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Lipan Apache Band of Texas
and Anita Anaya of
Texas sing at the
grave of Jack Mather
in the Carlisle Indian
Cemetery at Carlisle
Richard Gonzalez and Anita Anaya, performed a prayer ceremony Saturday in Carlisle to bring
one of their ancestors into the oral history of the Lipan Apache Band of American Indians.
They stood in the Carlisle Indian School Cemetery at Carlisle Barracks at the grave of Jack
Mather, who was Anita and Richard Gonzalez's great-grandmother's first cousin, sprinkling
Mather's headstone with water and soil while praying and singing.
The Lipan Apache Band has considered Mather a "lost one" and did not know his whereabouts
for 123 years. Mather was taken from the Lipan Apache Band in 1877 when it was attacked by
Col. Ronald McKenzie's Fourth U.S. Calvary unit just south of the border between the United
States and Mexico. He was sent to the Carlisle Indian Industrial school to be assimilated into a
western lifestyle, and died in Carlisle as a teenager in 1888.
The school operated at the barracks from 1879 to 1918. "For us, our people, it closes the circle of
life," said Richard Gonzalez, who drove to Carlisle from San Antonio Texas with Anita for the
ceremony. "When we first heard about this - how it touched us. We always wanted to know - what
happened to them?"
The Lipan Apache Band referred to Mather and Kesetta Roosevelt, his older sister who was taken from Texas with him, as lost
ones for over 100 years. Then, a guest professor at Dickinson College contacted the band with Mather and Roosevelt's story.
Jacqueline Fear-Segal, an American studies professor at the University of East Anglia in Norwich, England, was doing research for
her book "The White Man's Club: Schools, Race, and the Struggle of Indian Acculturation" while at Dickinson in 2000 during a
faculty exchange program.
Later today Richard Gonzalez plans to perform a prayer ceremony at the grave of Roosevelt's son, Richard
Kaseeta, in Cumberland Valley Memorial Gardens off the Ritner Highway at the west edge of Carlisle.
They also plan to perform a ceremony at Roosevelt's grave, which is located in Lahaska in southeastern
-RICK SELTZER, The Patriot-News
The Lost Ones (Hidden Histories)
by Michaela MacColl (Author)
Despite her father’s warnings that their tribe is always in danger, Casita, a twelve-year-old Lipan Apache girl, has led a
relatively peaceful life with her tribe in Mexico, doing her daily chores and practicing for her upcoming Changing Woman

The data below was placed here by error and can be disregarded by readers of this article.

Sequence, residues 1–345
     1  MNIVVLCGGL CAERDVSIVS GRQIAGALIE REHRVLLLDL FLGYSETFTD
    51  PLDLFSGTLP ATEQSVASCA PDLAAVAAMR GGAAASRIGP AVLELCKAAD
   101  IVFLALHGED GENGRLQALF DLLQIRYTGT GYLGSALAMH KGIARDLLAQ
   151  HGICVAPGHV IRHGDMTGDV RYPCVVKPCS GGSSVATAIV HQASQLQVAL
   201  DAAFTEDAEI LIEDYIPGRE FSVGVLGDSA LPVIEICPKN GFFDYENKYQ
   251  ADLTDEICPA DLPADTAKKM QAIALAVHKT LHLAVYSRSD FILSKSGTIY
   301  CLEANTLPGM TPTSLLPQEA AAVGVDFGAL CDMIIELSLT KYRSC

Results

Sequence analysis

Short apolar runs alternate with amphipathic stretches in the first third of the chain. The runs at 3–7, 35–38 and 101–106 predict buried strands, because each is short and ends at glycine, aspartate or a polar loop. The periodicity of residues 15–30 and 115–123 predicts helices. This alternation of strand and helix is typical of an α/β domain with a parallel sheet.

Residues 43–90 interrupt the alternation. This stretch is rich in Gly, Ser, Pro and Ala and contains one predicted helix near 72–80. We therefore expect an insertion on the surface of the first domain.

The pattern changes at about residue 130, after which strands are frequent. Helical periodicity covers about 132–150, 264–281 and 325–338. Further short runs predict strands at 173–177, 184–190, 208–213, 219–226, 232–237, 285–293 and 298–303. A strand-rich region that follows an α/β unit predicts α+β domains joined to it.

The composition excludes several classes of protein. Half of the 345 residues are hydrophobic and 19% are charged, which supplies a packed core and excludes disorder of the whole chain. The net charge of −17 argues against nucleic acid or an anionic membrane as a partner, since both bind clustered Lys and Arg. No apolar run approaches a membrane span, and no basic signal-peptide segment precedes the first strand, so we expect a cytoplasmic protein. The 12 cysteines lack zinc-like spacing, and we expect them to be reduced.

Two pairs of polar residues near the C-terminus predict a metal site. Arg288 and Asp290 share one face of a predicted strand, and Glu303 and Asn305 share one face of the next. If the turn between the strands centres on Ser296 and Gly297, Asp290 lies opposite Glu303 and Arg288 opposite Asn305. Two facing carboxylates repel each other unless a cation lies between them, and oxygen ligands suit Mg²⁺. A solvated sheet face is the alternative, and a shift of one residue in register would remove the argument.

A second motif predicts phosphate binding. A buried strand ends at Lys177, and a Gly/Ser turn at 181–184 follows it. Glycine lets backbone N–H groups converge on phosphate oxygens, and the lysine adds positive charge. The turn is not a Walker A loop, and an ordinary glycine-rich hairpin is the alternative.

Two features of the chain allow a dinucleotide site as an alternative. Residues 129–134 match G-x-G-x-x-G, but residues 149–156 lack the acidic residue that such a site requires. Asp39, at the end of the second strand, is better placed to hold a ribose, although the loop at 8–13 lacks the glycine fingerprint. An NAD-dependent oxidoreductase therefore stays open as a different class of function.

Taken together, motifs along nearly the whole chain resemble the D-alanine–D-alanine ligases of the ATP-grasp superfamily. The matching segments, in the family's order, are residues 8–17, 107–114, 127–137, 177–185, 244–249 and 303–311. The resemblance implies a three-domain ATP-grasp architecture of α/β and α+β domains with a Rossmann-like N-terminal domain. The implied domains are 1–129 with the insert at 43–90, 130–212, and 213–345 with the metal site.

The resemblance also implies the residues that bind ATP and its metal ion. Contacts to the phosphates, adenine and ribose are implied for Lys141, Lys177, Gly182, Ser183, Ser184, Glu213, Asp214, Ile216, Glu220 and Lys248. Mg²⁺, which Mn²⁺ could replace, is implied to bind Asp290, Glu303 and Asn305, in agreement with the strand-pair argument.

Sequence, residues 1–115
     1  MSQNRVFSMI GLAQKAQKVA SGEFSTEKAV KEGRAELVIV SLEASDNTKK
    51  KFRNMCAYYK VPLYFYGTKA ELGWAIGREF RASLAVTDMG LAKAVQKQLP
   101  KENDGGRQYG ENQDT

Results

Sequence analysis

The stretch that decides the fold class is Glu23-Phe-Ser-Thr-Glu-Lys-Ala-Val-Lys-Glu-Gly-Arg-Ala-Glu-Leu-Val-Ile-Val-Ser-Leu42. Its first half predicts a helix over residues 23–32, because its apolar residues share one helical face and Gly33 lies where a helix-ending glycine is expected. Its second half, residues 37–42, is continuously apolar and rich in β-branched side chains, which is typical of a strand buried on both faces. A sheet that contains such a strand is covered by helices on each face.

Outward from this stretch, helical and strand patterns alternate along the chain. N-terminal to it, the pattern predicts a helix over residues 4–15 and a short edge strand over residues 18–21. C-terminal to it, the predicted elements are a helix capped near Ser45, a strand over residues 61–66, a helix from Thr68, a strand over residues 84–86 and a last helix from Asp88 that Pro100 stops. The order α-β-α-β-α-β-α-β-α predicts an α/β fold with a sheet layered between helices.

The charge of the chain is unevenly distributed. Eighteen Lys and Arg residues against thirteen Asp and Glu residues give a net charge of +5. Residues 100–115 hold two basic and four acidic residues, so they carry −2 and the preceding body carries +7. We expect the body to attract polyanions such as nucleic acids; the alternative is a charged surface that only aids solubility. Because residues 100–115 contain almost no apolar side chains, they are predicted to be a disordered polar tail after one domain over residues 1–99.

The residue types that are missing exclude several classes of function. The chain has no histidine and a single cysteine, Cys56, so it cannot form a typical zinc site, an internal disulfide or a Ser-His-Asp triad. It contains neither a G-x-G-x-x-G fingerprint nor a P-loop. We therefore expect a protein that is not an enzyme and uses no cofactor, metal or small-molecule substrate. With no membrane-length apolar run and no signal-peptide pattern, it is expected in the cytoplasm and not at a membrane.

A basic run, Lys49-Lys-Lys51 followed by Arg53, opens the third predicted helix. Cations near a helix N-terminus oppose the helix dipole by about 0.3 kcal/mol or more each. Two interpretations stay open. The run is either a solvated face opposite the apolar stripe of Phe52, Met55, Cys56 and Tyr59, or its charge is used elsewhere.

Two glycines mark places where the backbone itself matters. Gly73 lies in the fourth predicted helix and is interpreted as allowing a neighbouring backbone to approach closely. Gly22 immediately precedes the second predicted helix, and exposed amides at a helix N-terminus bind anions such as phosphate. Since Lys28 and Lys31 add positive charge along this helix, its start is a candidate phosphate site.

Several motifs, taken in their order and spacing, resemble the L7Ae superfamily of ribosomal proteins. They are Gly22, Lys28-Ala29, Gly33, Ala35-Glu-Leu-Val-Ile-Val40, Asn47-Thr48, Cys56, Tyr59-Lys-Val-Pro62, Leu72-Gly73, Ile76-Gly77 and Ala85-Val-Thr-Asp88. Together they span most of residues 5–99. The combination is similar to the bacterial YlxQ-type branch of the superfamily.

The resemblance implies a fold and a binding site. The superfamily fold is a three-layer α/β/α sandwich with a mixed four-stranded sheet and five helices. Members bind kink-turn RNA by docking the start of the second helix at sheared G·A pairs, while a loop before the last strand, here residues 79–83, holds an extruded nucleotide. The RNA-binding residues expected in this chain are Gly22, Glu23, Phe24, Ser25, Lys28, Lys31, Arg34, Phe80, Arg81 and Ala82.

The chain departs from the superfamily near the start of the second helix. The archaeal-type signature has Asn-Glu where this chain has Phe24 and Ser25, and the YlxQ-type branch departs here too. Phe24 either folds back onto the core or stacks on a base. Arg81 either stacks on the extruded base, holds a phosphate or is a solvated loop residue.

ceremony, in which she will officially become a woman of the tribe. But the peace is shattered when the U.S. Cavalry invades
and brutally slaughters her people. Casita and her younger brother survive the attack, but are taken captive and sent first to
an army post and an adoptive family, and then to the Carlisle Indian School, a Pennsylvania boarding school that specializes
in assimilating Native Americans into white American culture. Casita grieves for her lost family as she struggles to find a way
to maintain her identity as a Lipan Apache and survive at the school. Includes author’s note and bibliography.
Click here to purchase the book on Amazon.
Watch "The Lost Ones" Long Journey Home Trailer
(bi-lingual Eng, Sp)" on YouTube
"Mackinzies's Raid" video on the NAMA (Native American Music Awards)
From the bottom of my heart thank you to all family, tribal family and friends for your love, support and votes for
"Mackinzies's Raid" video on the NAMA (Native American Music Awards) public poll for best music video. It is a blessing and
an honor to have one of our ancestors stories heard.
Please take a quick moment (daily...lol) to visit link below and vote for video "Mackinzie's Raid"
Thank you and blessings to our ancestors whom had to endure such pain and tragedy to make this video and song even
(This poll is a public poll. Actual nominees for Native American Music Award to be selected by Advisory board)
In addition, A huge blessing to have video even considered for a Grammy in their Regional Roots category ....I currently still
have no words for this....
I can not thank you enough to everyone who have made this possible and helped bring this video and song to life. I am
-MaNde G. Portales
Raymond G Torres
co-writter: MaNde G. Portales
preformed by: 7 Trees
Jessie Gonzalez - Vocals / Guitar
Victor Hugo Luna - Keys/Piano
MaNde G. Portales- Bass
Kevin "Chapolin" Portales - Water Drums, Hand Drums, Rain Stick
Jerry Villneuva- Crash Symbol, Studio Recording
Ruben Cordova -Apache War Screams
Lipan Apache Band of Texas - Apache war cries rcorded at ceramony
Nanta Daniel Castro Romero Jr. - Intro / Lipan prayer
Jacqueline Fear-Segal - Intro- from her documentary "The Lost Ones"
A Long Journey Home
Richard Gonzalez - Outro Speach
MaNde G. Portales
(Thank you everyone who participated. You bring much honor to our ancestors for making their story come alive)
RICK SELTZER, The Patriot-News
Photo by Suzanne Reynolds